under the patronage of St Joseph and St Dominic
By the rivers of Babylon there we sat and wept, remembering Zion;
Articles on Evangelium Vitae 73
I. Evangelium Vitae 73 & the Supreme Principle of Morals
Do the Pope's words in this provision permit the construction that one may licitly vote in favour of pro-abortion legislation, even when one intends something good, or seeks to diminish harm? Or are we to take the Pope at his word when he says It is never licit to vote for it ? What the Pope has said is clear, once we look at the whole document. more
II. Msgr Luño's View Of Evangelium Vitae § 73
In September 2002, in L'Osservatore Romano, Professor Angel Luno of the Pontifical University of the Holy Cross published an interpretation of the Pope John Paul's words in Evangelium Vitae §73. His interpretation would allow that one may do evil that good may come of it. The Catholic Church has never taught this. Nor did the Pope. more
There are three views on the correct interpretation of the Pope's words in the third paragraph of EV 73. The first would allow voting for evil legislation in certain circumstances; the second would preclude any such conduct, but allow intervention so as to limit the harm of the evil legislation; the third would decline any involvement if the legislation that resulted after intervention permitted any evil. The Catholic world needs a definitive determination as to what the words mean. The questions set forth here are designed to elicit that determination with rulings from the Congregation for the Doctrine of the Faith. more
A prominent Church theologian criticised the views of the author expressed in the article 'Monsignor Luno's views of Evangelium Vitae § 73'. Here are slightly edited versions of that criticism and of the author's response. more
V. Colin Harte's Changing Unjust Laws Justly
We have referred readers to Colin Harte’s new book, Changing Unjust Laws Justly (Catholic University of America Press, 2005) and commented that while his view does not precisely coincide with the views aired on this website (see Evangelium Vitae 73 & the Supreme Principle of Morals ) they do represent a return to sanity from the views espoused by some within the Catholic Church that it is licit in some circumstances to permit abortion.
The difficulty for those who accept Colin Harte’s view is this—if the pro life legislator has no scope to change a law which permits or tolerates abortion, he is hamstrung. He may seek to abrogate it, but he may never try to amend it. Law is the primary means by which society is ordered. If we accept the Harte view, we are placed in a position of helplessness in which the law is surrendered to the pro abortionists. With the greatest respect, that is an irrational position.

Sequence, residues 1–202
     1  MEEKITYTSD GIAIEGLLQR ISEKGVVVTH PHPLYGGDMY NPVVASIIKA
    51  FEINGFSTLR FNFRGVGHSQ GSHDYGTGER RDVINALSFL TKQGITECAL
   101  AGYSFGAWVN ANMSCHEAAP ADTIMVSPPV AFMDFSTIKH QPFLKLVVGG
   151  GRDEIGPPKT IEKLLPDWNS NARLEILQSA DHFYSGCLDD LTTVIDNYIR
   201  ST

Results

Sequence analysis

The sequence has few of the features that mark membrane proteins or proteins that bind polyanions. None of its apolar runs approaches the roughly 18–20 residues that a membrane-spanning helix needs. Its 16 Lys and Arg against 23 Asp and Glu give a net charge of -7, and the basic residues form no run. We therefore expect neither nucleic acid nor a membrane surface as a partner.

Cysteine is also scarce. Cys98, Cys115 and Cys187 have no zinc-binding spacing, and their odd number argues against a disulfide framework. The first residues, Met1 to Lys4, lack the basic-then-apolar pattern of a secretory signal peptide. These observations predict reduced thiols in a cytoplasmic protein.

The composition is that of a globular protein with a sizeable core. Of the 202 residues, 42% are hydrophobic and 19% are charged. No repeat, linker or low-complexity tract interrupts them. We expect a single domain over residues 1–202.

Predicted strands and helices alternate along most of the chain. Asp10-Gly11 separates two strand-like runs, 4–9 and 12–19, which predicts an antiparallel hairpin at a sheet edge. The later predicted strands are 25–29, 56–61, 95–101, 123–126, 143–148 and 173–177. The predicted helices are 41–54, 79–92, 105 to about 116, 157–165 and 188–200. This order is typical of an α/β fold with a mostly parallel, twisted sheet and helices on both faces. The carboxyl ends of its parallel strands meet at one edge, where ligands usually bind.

It makes nonsense, moreover, of the clear words of Pope John Paul II in Evangelium Vitae n.73—
A particular problem of conscience can arise in cases where a legislative vote would be decisive for the passage of a more restrictive law, aimed at limiting the number of authorised abortions, in place of a more permissive law already passed or ready to be voted on. Such cases are not infrequent… In a case like the one just mentioned, when it is not possible to overturn or completely abrogate a pro-abortion law, an elected official, whose absolute personal opposition to procured abortion was well known, could licitly support proposals aimed at limiting the harm done by such a law and at lessening its negative consequences at the level of general opinion and public morality. This does not in fact represent an illicit co-operation with an unjust law, but rather a legitimate and proper attempt to limit its evil aspects.
None of the proposals accepted by Colin Harte as justifiable—what he refers to as secondary legislation—can reasonably be placed within this teaching. They would not amount to a more restrictive law; they would not be aimed at limiting the number of authorised abortions, or limiting the harm done by a pro abortion law; they would not amount to proposals aimed at limiting the harm done by such a law and at lessening its negative consequences. Moreover, the Pope’s pre-requisite for such action—that a legislator’s absolute personal opposition to procured abortion be well known—makes no sense if, as Harte maintains, all that the legislator can do is vote, for example, in favour of a bill to give doctors the right not to participate in abortion procedures; or, a bill to reduce public funding for abortion. The public promotion of bills such as these would not scandalise, which is the Pope’s fear, they would edify!
There is a view other than the foolish view of those who allow the doing of some evil that good may come of it, and the view of those like Colin Harte, who say that all that is permitted to pro life legislators in the late Pope’s teaching is secondary legislation. This third view is the one we advocate. It does not involve the doing of evil or cooperating in it. It does not avoid the problem posed by the late Pope. It accepts the dilemma and offers a rational solution.
Michael Baker Bern Sadler